I didn’t wait for Nolan. I led Faith into a quiet, secluded place in the forest and made a fire. As I crouched next to it, I fed kindling into the infant flame and warmed my fingers. Ordinarily, the news that my problem was mental would be good news–that meant it could be cured. But things weren’t ordinary anymore. If things were ordinary, I wouldn’t have lost my hearing and sight in the first place.
What upset me most, about finding out that my problem was psychological, was that it meant I should be able to get over it, just by changing the way I thought. Mind over matter. But I knew it wasn’t going to be that easy. If it was my fault I had this problem in the first place, then how was I supposed to fix it?
I snapped a stick in half and threw it in the fire, watching as it rapidly blackened. I hated this. I hated that my problem was self-inflicted. I hated that I’d let myself get this way. I hated that I’d taken away the one thing in my life that meant most to me.
I couldn’t have hated myself more, for what I’d done.
I wanted to cry angry tears, to let their molten tracks burn the remnants of what I’d done. I wanted to scream and tear the memory of my misery to pieces. I wanted to let everything I’d done burn and crumble, turning to white ash and blowing away on the breeze. I wanted a way to destroy every mistake I’d ever made.
I was letting my anger get the best of me.
It thrummed in my chest, swelling as I fed it more and more. It made me feel nauseous, sick to my stomach, but I wanted nothing more than to be angry. To punish myself with my own sickening anger, as if that would make things better.
But I wanted so desperately not to be angry. To be happy, so I could fix my mental problem and get my hearing and sight back.
I wanted things to be the way they once were.
Somehow, Nolan found me. He came to me as soon as he was done speaking with the chieftain and his daughter.
“I asked them if they knew what the bearskins wanted,” he said, sitting next to my little fire. “They didn’t know. He said maybe it was something the lily-slips had. But he didn’t know.” He sat silently for a moment, then exhaled and asked, “Did you see the seeress?”
I didn’t look at him. “It’s psychological.”
“Oh.” He sounded surprised. “What does that mean?” he asked.
I shook my head, staring at the ground. “It means I can’t be fixed. I did it to myself and that’s that.” The angry tears were crowding my eyes, begging to be set free. I held them back.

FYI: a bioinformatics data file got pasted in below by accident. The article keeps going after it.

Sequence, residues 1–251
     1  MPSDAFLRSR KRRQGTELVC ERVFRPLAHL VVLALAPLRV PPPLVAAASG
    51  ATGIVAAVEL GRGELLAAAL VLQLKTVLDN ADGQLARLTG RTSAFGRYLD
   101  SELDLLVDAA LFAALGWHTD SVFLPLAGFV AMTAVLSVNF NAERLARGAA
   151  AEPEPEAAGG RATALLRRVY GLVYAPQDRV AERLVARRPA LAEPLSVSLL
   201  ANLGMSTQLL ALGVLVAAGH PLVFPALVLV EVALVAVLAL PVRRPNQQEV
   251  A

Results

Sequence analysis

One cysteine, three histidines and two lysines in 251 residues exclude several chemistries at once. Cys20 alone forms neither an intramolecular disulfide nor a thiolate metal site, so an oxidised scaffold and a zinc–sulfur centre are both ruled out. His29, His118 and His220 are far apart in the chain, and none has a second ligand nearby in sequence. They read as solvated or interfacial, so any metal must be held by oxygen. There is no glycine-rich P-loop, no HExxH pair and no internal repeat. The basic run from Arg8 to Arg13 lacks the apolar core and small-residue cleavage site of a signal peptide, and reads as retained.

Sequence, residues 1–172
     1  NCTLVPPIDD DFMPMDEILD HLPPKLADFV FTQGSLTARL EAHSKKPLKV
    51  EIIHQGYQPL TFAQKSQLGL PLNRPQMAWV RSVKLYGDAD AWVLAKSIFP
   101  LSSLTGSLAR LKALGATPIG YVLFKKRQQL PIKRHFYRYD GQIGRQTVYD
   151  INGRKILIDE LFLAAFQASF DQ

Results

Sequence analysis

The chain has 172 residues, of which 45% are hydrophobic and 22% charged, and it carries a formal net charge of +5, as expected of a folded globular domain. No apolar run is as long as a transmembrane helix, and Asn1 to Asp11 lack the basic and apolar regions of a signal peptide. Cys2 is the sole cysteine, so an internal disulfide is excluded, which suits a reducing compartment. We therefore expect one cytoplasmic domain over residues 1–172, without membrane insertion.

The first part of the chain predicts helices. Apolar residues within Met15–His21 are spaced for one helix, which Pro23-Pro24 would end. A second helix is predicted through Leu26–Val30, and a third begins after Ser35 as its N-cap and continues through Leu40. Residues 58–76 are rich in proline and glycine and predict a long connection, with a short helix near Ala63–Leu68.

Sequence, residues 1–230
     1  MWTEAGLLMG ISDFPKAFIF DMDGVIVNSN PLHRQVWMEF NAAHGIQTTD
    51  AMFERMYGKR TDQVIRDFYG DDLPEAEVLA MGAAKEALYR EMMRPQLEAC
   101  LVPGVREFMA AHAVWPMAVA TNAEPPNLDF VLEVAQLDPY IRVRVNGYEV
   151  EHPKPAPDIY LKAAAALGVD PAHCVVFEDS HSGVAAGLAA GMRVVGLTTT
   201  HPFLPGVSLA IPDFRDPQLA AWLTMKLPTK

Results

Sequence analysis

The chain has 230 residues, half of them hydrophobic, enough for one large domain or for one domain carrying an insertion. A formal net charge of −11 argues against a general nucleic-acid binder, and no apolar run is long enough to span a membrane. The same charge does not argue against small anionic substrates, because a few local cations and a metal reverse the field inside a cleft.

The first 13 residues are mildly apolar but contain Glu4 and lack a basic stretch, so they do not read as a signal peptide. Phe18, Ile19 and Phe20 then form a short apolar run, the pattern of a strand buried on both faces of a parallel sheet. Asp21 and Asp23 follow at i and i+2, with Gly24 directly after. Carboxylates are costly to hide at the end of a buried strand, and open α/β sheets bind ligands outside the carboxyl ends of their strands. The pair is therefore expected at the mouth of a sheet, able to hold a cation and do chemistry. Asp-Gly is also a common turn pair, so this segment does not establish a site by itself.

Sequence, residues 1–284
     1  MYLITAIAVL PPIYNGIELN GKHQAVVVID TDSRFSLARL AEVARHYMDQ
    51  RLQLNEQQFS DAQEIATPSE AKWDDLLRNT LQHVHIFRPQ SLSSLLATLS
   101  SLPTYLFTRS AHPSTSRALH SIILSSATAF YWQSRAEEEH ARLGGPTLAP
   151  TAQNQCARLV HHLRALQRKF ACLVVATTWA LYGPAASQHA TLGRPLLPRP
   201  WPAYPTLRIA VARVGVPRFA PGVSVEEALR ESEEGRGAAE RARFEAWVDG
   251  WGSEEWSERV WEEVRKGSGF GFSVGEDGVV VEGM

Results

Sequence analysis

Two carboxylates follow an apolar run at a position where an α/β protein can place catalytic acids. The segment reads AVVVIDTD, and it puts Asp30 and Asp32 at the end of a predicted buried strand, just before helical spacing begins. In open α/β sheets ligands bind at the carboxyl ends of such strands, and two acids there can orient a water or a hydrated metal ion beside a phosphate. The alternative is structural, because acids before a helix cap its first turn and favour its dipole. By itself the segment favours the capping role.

Nolan was momentarily speechless. Twice, he inhaled as if to say something, but it only ended up a wordless whimper. When he finally thought of something to say, he spoke it with a tiny voice. “Why?”
I rounded on him, about to snap that if I knew why, we wouldn’t be having this discussion, but I cut short when I realized he was crying. “Why would you say you can’t be fixed?” he moaned, distraught. “Why would you give up on yourself like that?” He staggered to his feet, and I stood as well.
“I know what bearskins are, you know,” he said unhappily, the tears pouring off his chin in a steady stream. His hands made cutting gestures through the air between us. “I know what they do to people. They’ll know you’re hopeless. They’ll use it.” His words were now nothing more than a choked whisper. “They’ll kill you because of it.”
He was scared. Scared for me.
And he was right. If I fought the bearskins, feeling like this… they would use it against me and they would probably kill me. The thought was sobering, but it didn’t scare me. It just meant I’d have to be careful. What did scare me was Nolan’s reaction. He was getting worked up about something he couldn’t change, and that would make him a hundred times more vulnerable than he already was. If he didn’t cut it out, he was going to be the one who got killed.
“They’re not going to kill me,” I said sternly, “because I’m not hopeless. It is what it is, and I accept that. So what if I don’t get my magic back? I’ll live.” I couldn’t erase the bitterness in my voice, or that underlying anger just bursting to be free. But Nolan needed to stop.
He stared at me for several long seconds, tears still chasing each other down his face and a very hurt look in his eyes. “I don’t believe you,” he said. “You’re going to get your magic back. You have to.”
“I don’t have to,” I said, “I just have to get over it. Move on. Find something else. But it’s done.”
“It isn’t done,” he muttered, turning away from me and wiping his cheeks. He looked like he wanted to leave, wanted to stop listening to my resigned words, but he was afraid of being alone. So he stayed, but he wouldn’t look at me anymore or acknowledge my presence. It was just as well. I didn’t want to talk to him, if he was just going to get so upset.
I let my tiny fire go out and pulled my blanket from my saddlebags to go to sleep. It took me a long time to finally settle my mind enough, as I kept worrying about confronting the bearskins. I couldn’t let the gypsy tribe fight them alone, but I was worried that Nolan wouldn’t be strong enough. And if I couldn’t even see the bearskins, then what use was I?
My last thought before sleep was of my lost magic. It was so easy to believe that it was gone forever, but what if it wasn’t? Was there a chance I could get it back? I had no idea.
How’s everyone doing?
Life is good for me right now. Exams are over, I’ve had lots of time to write and game, and I’ve got a very warm cat on my lap. Life is good.
How’s it going in your corner of the world?
May your life be good and your worries few.